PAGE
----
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The Changing Face of China: From Mao to Market Hardcover – 21 Jul 2005

3.5 out of 5 stars 6 customer reviews

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Product details

  • Hardcover: 384 pages
  • Publisher: OUP Oxford; First Edition edition (21 July 2005)
  • Language: English
  • ISBN-10: 0192806122
  • ISBN-13: 978-0192806123
  • Product Dimensions: 23.6 x 3.6 x 16 cm
  • Average Customer Review: 3.5 out of 5 stars  See all reviews (6 customer reviews)
  • Amazon Bestsellers Rank: 753,942 in Books (See Top 100 in Books)
  • See Complete Table of Contents

Product Description


"Magisterial... Impressive..." -- David Rennie, Daily Telegraph

"magisterial... impressive..." -- Daily Telegraph, 6 August 2005

A piece of classic scholarship. -- Tribune, 26 August 2005

About the Author

John Gittings was the Guardian's China specialist and East Asia editor (1983-2003) and opened the newspaper's first staff bureau on the mainland in Shanghai. He began to visit China during the Cultural Revolution and witnessed the major events of the past thirty years, including the Tiananmen Square protests and the Hong Kong handover. His books include works on Chinese foreign policy, military affairs, politics, and domestic society. He has also written on international and nuclear politics and was for many years the Guardian's foreign editorial writer.

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3.5 out of 5 stars
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Top Customer Reviews

Format: Paperback Verified Purchase
This book covers everything you really need to know of how China came to be from the start of its communism with Mao to the modern day market economy. It shows the clear progression of how events triggered each other and how the main personalities shaped the present. It shows how the Tiananmen masssacres led to the market economy that you have now and the reason is not as idealistic as you want to believe. It has evrything from Chiang Kai-shek to the enviromental problems currently faced and it's all beautifully written.
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Format: Paperback
I was very disappointed with this book. Gittings clearly is an expert on his subject. But he writes for an equally-expert audience. This book is not for the interested man in the street looking for the big picture. There is a huge amount of detail about political machinations and the internal debates about the direction of socialism in China, but no proper context. There are frequent references to important events without explanation of what they are. Timelines are also very confusing - hardly anything is presented in chronological order, the only help in this respect being a 4-page Chronology in the Appendix. There is also no clear explanation of how China is governed (in particular how leaders and the ruling group are chosen), how decisions are made, or the key policies of successive leaders/governments. Perhaps what this book needs is not a 4-page Chronology at the back but a 40-page summary at the beginning outlining the key stages in the development of China during this period, which would put all the detailed material into context.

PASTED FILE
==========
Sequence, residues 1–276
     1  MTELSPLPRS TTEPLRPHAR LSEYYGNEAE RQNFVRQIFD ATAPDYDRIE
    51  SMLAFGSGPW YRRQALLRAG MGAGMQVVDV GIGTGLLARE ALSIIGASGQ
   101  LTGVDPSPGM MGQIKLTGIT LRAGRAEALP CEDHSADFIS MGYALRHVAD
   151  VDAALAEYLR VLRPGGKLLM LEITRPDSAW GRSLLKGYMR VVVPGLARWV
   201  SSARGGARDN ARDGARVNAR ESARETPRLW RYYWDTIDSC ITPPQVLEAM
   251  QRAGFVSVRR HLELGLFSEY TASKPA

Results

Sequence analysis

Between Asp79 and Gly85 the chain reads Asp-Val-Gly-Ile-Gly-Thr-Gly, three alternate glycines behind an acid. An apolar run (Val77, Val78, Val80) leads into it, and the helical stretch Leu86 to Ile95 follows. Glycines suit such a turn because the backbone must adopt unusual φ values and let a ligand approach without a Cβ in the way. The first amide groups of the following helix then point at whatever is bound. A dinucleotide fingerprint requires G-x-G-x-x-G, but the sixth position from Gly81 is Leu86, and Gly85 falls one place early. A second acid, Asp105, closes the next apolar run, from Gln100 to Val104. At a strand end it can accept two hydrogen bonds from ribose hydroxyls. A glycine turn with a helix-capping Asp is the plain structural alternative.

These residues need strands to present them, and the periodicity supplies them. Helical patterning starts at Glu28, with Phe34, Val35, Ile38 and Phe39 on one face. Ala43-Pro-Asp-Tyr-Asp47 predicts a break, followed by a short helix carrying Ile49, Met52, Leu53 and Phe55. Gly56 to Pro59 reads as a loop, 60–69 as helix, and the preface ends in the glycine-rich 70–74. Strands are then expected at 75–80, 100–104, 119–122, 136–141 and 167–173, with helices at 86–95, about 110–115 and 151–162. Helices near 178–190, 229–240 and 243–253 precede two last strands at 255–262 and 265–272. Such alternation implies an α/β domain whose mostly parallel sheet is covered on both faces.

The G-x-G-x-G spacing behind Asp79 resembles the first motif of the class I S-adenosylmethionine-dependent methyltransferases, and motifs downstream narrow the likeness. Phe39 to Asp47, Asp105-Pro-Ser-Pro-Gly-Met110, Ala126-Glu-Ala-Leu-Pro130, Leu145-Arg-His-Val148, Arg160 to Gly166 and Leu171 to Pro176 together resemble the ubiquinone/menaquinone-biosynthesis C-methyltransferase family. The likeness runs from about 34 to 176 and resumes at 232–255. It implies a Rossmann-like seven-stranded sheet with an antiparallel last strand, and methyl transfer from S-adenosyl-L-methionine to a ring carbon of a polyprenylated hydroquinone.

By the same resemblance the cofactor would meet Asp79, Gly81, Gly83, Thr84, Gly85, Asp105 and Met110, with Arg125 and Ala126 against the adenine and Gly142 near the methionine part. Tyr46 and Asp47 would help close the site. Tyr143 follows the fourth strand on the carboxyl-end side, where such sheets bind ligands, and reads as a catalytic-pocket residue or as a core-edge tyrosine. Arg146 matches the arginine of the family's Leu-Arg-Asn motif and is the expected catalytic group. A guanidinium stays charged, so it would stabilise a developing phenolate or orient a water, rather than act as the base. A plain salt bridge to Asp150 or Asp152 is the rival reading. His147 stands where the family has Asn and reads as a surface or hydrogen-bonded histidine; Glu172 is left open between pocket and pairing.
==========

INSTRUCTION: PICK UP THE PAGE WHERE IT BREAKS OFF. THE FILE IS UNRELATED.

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Format: Paperback
This book is an incredibly detailed and in-depth look at the political and social history of China from the beginning of Chairman Mao's premiership to the present day, delving into each segment of China's political history with painstaking attention to detail.

The result is sometimes heavy and there are undoubtedly sections of this book that will weigh down all but the most hardened political animals. The research that John Gittings has provided in this book, however, is startling, and very, very impressive.

The best attribute of this book, however, is it's balance. It is not a pro-communist, one-sided travel brochure, neither is it the usual Western anti-Chinese propaganda, rather, it is a balanced and reasonably fair look at both the positive effects of Mao's cultural revolution, the fantastic liberation of the peasants, but also the current bureaucracy of the CCCP, and the horror that was the Tiannemen Square massacre. Most of this book is colourful, interesting and informative, particularly the sections that focus on various Chinese literature and poetry. The description of the USA's cowardly and disgraceful attack on the Chinese Embassy in Belgrade in 1999 also makes the blood boil. Events like these help show just how spiteful and antagonistic American foreign policy is and always has been, and such events are a shameful reminder of the cretinous hypocrisy of the West.

There is also a great deal of humour in this book. Demonstrations against the US bombing of the Chinese Embassy in Belgrade saw people carrying placards which contained some truly amusing slogans such as "I'd rather die of starvation than eat a McDonalds, I'd rather die of thirst than drink Coca-Cola.
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